Post-2015 Consensus
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The U.N. Chose Way Too Many New Development Goals

After years of build-up, world leaders at the U.N. Friday set some of the most important priorities for the next 15 years, the sustainable development goals.

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Trade-Offs for Global Do-Gooders

To cut world poverty, focus on expanding trade and preschool while ending fossil-fuel subsidies.

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Unsustainable Development Goals

In short, many of the targets are either marginally useful or highly problematic.

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Next-Generation Development

It is morally right that every child should be given the best chance to survive, eat well, stay healthy, and receive an education. Now we also know that it is among the best investments we can make.


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These are the four SDGs we need to agree on to help the planet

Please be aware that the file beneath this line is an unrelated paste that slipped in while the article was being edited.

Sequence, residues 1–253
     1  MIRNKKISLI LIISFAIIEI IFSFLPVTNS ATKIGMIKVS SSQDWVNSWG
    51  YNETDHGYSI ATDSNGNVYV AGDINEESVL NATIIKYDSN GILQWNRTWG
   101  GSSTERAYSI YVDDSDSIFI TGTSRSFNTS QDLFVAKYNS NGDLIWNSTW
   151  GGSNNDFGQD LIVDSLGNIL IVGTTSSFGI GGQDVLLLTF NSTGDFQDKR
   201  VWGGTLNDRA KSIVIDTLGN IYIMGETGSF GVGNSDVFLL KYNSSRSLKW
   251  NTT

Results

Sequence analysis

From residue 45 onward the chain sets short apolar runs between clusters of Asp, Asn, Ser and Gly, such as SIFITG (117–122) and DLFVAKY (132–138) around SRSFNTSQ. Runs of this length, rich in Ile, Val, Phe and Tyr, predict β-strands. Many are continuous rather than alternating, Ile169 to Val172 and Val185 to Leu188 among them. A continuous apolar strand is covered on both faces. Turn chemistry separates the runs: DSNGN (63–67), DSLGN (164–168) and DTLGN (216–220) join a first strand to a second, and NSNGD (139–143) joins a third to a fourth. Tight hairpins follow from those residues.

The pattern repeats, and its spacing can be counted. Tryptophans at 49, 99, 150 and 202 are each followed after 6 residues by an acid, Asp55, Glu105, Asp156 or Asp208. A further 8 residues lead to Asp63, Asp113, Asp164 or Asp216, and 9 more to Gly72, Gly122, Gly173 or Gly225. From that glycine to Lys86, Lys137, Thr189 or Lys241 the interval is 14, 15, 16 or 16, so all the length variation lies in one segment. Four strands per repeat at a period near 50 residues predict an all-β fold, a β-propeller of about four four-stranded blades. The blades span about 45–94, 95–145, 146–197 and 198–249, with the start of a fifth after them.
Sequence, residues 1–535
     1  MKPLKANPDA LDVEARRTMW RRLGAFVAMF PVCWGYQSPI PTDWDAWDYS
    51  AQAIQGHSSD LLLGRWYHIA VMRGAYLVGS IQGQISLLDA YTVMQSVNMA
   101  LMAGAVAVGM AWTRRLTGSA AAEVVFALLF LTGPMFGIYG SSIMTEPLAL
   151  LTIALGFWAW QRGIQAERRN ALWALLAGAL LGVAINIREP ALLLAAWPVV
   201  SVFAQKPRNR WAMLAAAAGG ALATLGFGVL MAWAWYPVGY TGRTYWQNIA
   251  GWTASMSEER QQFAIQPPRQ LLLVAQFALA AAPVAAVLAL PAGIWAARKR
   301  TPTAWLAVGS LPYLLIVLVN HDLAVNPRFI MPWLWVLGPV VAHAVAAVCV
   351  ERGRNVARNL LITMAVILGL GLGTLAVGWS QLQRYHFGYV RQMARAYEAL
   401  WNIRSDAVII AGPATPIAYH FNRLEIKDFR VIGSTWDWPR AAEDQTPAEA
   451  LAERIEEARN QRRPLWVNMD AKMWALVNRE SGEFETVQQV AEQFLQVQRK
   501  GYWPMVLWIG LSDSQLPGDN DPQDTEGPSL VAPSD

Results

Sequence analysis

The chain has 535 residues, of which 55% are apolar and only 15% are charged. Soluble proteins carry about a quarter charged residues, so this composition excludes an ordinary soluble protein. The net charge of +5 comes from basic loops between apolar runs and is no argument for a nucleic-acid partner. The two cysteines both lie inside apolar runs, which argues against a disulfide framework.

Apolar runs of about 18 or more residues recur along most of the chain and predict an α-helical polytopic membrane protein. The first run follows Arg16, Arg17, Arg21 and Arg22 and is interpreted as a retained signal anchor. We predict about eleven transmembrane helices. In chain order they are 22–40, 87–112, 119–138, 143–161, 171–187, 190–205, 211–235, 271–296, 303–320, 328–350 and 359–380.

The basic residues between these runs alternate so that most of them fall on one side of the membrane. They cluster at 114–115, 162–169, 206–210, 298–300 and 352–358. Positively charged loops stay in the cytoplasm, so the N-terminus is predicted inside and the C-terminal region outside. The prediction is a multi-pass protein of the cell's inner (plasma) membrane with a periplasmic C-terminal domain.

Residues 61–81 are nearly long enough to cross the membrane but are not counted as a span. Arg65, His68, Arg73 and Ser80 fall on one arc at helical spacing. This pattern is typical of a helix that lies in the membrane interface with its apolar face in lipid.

Tackling indoor air pollution, protecting coral reefs, boosting R&D in cleaner energy and ending subsidies for fossil fuels are the most important sustainable development goals for safeguarding the environment.

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Bjorn Lomborg and the List That Could Save the World

Wow, 169, you say? To Björn Lomborg, that sure seems like a lot to bite off. “No one can remember 169 goals,” he says, “never mind actually implement them.”

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Smart Development Targets

It turns out that not all targets are equal. Some generate amazing economic, social, and environmental benefits per dollar spent. Many others generate only slightly more than a dollar per dollar spent. Some even generate a net loss, doing less than a dollar of good per dollar spent.

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The economics of optimism

The Economist featured an overview of Copenhagen Consensus' ground-breaking research which is shaping the thinking for the 193 governments about to prioritize the smartest development goals for 2016-2030.

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Fixing the World, Bang-for-the-Buck Edition

Bjorn Lomborg chats with the Freakonomics podcast –the podcast that explores the hidden side of everything, about the work of the Copenhagen Consensus and the Post-2015 Consensus project.


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